(), Jenny Berg
(), Debbie Atherley
, Olympia Hadjimichael
and Bengt Jönsson
Gisela Kobelt: Karolinska Institute Stockholm, Sweden, and European Health Economics, France, Postal: Gisela Kobelt, European Health Economics, 492 chemin des Laurens, 06530 Speracedes, France
Jenny Berg: Stocholm Health Economics, Postal: Stockholm Health Economics, Klarabergsgatan 33, SE-111 21 Stockholm /Sweden
Debbie Atherley: University of Washington, USA
Olympia Hadjimichael: School of Medicine, Yale University, and Barrow Neurological Institute, USA
Bengt Jönsson: Dept. of Economics, Stockholm School of Economics, Postal: Stockholm School of Economics, P.O. Box 6501, SE-113 83 Stockholm, Sweden
Abstract: SUMMARY Treatment of multiple sclerosis (MS) has changed substantially during the past decade, as new biological disease-modifying treatments have been introduced in a field where only symptomatic pharmacological treatment had been available. The new treatments come at a high cost, between $ 8-12,000 per patient and year. Consequently, it must be expected that the part of total costs represented by drugs has increased, from essentially a very minor part in the nineties (2-5%) to a much larger proportion. However, no studies investigating this development from a societal perspective have so far been published. Objective The objective of this study was to investigate the current cost structure in MS and the effect of disease severity on costs and quality of life (utility) for patients treated with the new disease modifying drugs (DMDs) in the US. Methods The study follows closely the methodology used in three previous observational studies in Sweden, the United Kingdom and Germany. It is a descriptive bottom-up prevalence-based cost of illness study. The analysis was performed from the societal perspective and did not investigate costs for different payers. Costs were calculated as mean annual cost per patient in the sample, and mean costs for patients using a given resource. All unit costs are for 2004, or were inflated to 2004 using the CPI. Demographic variables, information on disease severity and disease activity, resource utilization and utility were collected directly from a sub-sample of ~24,000 patients taking part in a regular follow-up since up to 8 years, the North American Committee on Multiple Sclerosis (NARCOMS) Patient Registry. A questionnaire was mailed to a 4,000 randomly selected sample and the target answer rate was 50%. Results 1,989 (49.7%) of patients contacted returned the questionnaire, but 80 of them were returned empty and had to be excluded. This left a sample of 1,909 (47.7%) for analysis. The mean age of the sample was 49 years and three quarters were women. Their age at first symptoms was 30 years, and time since diagnosis was 13 years. 10.5% of patients had primary progressive, 47.6% relapsing-remitting and 33.3% secondary progressive disease. Less than 1% of patients did not answer the question, but 7.6% were unsure. 28.8% of patients indicated to have experienced a relapse during the past 3 months. 34.8% had mild, 42.7% had moderate and 22.1% had severe disease. Slightly less than one third (31.4%) was in early retirement due to MS. Total costs are estimated at $ 47,215 per patient and year. The largest proportions of costs are indirect costs ($ 17,581 or 37.2%) and drugs ($ 18,628 or 39.5%). Of the latter, disease modifying drugs accounted for 86% of total drug cost and 34% of total costs ($ 16,050), while OTC medication amounted to $ 122. Informal care represented 9.8% ($ 4614) and services and investments, which were to a large extent paid for by patients themselves, amounted to $ 2707 per patient (5.7%). Using the new (unpublished) US health status system, the mean utility in the sample was 0.698, with women having higher utility than men (0.709 versus 0.667). Patients who had experienced a relapse in the past 3 months had a utility of 0.648, compared to 0.742 for those who did not. On the absence of published gender and age specific population values in the US, the UK tariff has been used to estimate the age and gender specific utility loss of MS patients compared to the normal population. The loss of quality-adjusted life years (QALYs) was estimated at 0.255 QALY/patient. Using a willingness to pay for a QALY of $ 60000, intangible costs were estimated at $ 15,315. Costs increased and utility decreased with decreasing functional capacity. Patients with mild disease had a cost of $ 32,297 and a utility of 0.824; figures for patients with moderate MS were $ 50,293 and 0.679, and for patients with severe MS $ 64,492 and 0.533. The proportion of bed-ridden patients in the sample (EDSS 8.0 or more) was small compared to the expected prevalence. When the proportion was increased to 4%, costs for patients in the severe group increased slightly to $ 65,173 and utility decreased to 0.479. Thus, it appears that the effect of very severe disease is more pronounced on patients’ quality of life than on costs. Conclusions The objective of this study was to investigate the overall costs for patients treated with the new MS therapies, and cost distribution among different resources after the introduction of the new MS treatments. In view of the high cost of these treatments, our results are not surprising, with MS drugs representing 34% of total costs. When the use of disease modifying drugs is adjusted to the estimated national average (52%), the share of costs represented by these drugs is 21%. The findings are consistent with previous studies into the cost of MS: costs and utilities are significantly correlated with functional capacity (EDSS). This study does not investigate the value of the investment in these treatments. Rather it provides the necessary input into a disease model where costs and utility are linked to disease progression, without treatment, or with different treatments.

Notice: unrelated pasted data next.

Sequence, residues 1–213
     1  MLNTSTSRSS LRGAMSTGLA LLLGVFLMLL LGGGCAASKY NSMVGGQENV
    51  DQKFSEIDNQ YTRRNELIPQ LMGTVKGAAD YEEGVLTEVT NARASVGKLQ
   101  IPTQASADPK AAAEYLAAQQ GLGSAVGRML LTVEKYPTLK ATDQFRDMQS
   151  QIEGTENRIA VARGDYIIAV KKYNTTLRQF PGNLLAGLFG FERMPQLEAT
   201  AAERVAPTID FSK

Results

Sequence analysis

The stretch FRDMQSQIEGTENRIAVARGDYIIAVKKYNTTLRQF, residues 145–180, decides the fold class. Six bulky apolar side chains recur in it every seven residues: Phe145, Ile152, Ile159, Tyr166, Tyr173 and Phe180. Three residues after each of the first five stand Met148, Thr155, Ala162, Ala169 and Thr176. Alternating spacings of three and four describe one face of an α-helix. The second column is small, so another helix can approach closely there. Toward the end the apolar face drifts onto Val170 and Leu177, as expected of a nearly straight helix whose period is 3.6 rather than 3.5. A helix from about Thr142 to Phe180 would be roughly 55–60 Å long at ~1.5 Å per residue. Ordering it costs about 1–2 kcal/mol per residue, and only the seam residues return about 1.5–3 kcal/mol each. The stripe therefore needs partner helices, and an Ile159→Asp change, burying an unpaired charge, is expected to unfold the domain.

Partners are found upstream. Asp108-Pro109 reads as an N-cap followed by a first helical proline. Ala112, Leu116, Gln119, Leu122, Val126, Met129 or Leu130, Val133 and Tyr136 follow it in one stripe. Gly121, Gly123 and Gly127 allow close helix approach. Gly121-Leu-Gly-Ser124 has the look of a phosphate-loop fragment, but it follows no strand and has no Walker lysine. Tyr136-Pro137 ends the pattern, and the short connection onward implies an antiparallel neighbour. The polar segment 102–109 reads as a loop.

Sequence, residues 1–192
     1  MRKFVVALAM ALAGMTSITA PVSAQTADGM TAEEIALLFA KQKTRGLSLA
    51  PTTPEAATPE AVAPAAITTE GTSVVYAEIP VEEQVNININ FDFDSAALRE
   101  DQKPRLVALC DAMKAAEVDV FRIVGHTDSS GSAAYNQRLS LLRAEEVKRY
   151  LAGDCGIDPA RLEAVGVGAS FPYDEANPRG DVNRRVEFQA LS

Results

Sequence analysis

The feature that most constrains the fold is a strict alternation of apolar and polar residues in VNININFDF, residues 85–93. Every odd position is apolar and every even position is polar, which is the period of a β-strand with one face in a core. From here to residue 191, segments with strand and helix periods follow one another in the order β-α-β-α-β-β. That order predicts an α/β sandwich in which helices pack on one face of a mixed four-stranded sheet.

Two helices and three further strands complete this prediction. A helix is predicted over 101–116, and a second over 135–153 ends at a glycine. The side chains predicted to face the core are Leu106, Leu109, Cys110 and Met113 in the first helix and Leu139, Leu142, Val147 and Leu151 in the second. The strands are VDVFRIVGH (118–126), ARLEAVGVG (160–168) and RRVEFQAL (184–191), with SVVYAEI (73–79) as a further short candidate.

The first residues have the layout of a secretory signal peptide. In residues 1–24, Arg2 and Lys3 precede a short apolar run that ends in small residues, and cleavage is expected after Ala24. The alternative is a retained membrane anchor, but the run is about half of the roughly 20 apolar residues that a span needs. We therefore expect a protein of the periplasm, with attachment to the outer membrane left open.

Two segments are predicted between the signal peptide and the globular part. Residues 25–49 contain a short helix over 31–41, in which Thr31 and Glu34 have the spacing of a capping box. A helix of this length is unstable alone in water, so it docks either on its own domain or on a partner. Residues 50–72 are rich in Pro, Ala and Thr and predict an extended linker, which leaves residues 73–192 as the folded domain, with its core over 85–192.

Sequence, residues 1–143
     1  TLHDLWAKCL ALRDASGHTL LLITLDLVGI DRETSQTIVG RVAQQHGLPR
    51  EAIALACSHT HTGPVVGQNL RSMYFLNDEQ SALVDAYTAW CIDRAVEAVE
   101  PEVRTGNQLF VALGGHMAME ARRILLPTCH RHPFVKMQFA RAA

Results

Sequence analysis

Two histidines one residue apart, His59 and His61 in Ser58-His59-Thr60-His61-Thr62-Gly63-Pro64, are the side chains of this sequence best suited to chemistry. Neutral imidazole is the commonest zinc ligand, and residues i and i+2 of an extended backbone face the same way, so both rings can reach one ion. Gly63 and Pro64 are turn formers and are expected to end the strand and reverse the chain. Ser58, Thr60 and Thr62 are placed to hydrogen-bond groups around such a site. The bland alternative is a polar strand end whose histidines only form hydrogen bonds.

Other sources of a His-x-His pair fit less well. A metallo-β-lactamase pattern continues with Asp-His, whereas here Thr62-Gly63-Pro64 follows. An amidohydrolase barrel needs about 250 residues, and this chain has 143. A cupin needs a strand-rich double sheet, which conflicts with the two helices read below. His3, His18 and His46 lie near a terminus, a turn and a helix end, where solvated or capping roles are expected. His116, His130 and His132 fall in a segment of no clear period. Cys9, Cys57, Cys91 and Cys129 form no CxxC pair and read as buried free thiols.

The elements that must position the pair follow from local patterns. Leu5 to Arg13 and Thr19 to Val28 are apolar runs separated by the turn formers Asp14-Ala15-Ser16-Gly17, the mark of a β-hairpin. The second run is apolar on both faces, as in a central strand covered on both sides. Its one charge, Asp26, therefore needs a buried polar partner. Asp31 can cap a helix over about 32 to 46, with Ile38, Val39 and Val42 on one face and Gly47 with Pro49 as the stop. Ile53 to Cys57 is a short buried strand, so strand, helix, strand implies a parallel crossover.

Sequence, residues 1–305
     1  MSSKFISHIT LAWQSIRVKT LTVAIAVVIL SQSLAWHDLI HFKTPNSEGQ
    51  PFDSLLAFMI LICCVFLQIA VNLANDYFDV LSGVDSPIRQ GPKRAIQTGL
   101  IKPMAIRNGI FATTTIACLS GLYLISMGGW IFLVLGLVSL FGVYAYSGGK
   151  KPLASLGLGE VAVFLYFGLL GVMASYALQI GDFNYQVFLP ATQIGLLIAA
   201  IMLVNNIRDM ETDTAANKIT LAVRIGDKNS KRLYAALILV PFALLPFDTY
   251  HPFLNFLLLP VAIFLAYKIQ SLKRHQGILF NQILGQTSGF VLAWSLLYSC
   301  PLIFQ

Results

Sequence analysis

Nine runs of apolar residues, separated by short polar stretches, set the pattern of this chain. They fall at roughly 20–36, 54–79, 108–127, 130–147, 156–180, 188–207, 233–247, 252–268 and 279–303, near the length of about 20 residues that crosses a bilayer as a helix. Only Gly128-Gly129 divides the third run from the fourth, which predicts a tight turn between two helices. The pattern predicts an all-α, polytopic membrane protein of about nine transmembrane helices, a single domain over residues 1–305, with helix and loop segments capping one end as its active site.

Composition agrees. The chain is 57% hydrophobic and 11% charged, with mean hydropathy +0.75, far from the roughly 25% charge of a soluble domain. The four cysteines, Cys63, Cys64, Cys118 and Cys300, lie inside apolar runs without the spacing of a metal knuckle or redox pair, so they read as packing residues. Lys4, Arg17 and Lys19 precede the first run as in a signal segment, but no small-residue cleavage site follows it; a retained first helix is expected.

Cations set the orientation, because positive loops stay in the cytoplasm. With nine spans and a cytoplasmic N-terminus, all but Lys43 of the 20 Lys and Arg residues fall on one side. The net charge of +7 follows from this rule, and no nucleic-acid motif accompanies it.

76 pages, March 31, 2005
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